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Oh, Ashland, I love your spirit. I love a town that embraces art so unflinchingly.  We saw Family Album, written by Stew, and Heidi Rodewald, which was good, and thought-provoking, but a bit tangled up and unsure of itself. It felt like a show trying to be about everything: the interstices and intersections of art, money, capitalism, family, love, race, aging, and well, just life. It got so tangled by the end that this child-savant character had to basically tell the audience what to think, and that bugs me in a show. The performers were great, though. I don’t know, maybe it was the direction, but seemed that most thought-provoking moments of social criticism got lost in an overburdened and scattershot plot, or perhaps it was just that there were so many of them that they lost some weightiness. Overall, I enjoyed it and it made me think, so, time well-spent.

It did make me think about my own work. I publish it to hold myself accountable to doing it everyday, but recently I’ve been feeling like it is just something I have to get out of the way, instead of really thinking about how to get better. I’ve been dashing off these lumps of prosepoem because I’ve been short on time, but I haven’t really paused to reflect on them afterwards, or to think about form, or revise, or anything. Art takes time. Lesson number one from the poem year. We keep ourselves so busy, don’t we? But I’m not prepared to BoHo it and try to earn a living from art. I like my house. I want my kids to have clothes and health insurance. Ah, dilemma. I guess I just keep writing into the late hours and pretending that sleep doesn’t matter.

SO…I wrote the above hours ago. In the meantime we supervised teens making dinner, which they rocked out (so far, the girls are the leaders in the cooking competition between genders), and went to see A Wrinkle in Time, which was just plain fun. It was excellent. I loved the props, and the jokes, and they did this frame setup with all the different characters reading from the book at times, and it felt just exactly as it did when I read it when I was ten or eleven. Just awesome. Afterwards there was some good discussion amongst our students, who now feel like our grown children, about time and space and metaphysics, which I like to hear. At one point in the play Meg tells Calvin to “Go tesser yourself!”, which made me giggle. I’m pretty sure that’s not a line from the novel. I’m now doing the thing where I just type words because I don’t know what to poem. Maybe I’ll find a wrinkle in time and come back five minutes from now having gone on some grand adventure through space and time. Here’s hoping…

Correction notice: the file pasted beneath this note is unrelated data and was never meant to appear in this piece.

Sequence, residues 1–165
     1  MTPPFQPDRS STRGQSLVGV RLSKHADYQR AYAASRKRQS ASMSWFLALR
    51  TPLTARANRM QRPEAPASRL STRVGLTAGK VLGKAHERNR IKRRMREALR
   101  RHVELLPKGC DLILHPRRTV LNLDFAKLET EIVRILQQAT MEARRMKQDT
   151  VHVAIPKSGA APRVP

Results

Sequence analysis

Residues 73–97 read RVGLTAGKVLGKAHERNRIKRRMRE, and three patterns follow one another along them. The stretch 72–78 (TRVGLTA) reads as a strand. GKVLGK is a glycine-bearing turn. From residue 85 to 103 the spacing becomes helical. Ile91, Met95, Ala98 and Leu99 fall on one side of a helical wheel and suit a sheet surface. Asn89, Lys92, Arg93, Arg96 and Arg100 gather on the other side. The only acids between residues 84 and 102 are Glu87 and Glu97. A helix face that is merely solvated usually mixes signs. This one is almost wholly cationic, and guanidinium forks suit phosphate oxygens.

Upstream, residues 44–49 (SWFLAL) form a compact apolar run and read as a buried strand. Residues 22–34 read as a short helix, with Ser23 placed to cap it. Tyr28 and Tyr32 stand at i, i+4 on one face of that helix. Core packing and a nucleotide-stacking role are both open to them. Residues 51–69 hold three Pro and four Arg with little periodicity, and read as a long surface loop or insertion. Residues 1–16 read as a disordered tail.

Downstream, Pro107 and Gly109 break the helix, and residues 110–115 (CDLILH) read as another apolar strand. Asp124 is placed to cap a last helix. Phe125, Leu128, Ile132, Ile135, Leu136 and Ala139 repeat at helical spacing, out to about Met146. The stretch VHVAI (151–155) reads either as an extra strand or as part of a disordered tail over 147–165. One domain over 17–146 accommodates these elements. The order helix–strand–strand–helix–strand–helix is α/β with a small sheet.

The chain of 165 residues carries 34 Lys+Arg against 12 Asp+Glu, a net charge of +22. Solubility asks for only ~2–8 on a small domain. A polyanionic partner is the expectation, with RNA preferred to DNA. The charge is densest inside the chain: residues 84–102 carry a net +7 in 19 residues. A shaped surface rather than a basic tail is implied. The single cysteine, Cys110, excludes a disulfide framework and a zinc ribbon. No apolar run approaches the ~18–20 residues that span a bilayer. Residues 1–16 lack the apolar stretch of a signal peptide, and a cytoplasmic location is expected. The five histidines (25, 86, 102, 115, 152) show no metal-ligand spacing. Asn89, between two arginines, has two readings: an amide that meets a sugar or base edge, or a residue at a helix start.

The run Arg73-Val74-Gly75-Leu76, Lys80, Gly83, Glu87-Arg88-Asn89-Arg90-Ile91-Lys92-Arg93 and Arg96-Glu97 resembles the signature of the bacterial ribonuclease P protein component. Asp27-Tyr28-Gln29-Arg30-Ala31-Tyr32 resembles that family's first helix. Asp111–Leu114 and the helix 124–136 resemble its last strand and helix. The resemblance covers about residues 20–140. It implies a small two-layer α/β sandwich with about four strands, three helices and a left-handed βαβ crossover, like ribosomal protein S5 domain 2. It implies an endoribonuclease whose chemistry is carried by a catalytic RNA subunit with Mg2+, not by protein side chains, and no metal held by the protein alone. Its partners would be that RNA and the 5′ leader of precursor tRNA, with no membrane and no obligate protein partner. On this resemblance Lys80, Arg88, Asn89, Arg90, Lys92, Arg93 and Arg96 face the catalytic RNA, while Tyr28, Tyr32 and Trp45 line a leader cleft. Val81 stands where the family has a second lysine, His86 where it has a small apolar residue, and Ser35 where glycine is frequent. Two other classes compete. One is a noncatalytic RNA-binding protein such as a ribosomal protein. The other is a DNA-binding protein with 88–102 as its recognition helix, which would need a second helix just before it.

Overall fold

Parsecs and Megaparsecs

Maybe, when we wrinkle, time, at topic and subject in art, won’t feel so historic and done, because it willno longer be called time, and we will no longer be its slaves. No longer moving only forward with trudging feet, begrudging feet, rebellious feet are freed from their march in our brains, so we know, we know it is possible to slide with ease and relief, through the tesseract and via starducts of our compulsions and desires, and we won’t think of falling back in time, or ahead, because all our minutes will be parsecs, and megaparses and

over and over in this untime, I will come to you, and you will find me in the great large everything.


I just can’t do any  more. These workaction poems are going to need another look, one day. Another “Maybe” poem. Perhaps we should start a school of poetry for us, the supposers. The Supposition School. Maybe? Anyone? Anyhow. It’s late, and I have adolescents to keep up with tomorrow. Every time one of them tells me they are tired and then goes off to make a snack and loudly get the giggles, I want to tell them to “go tesser” themselves. Happy Tuesday!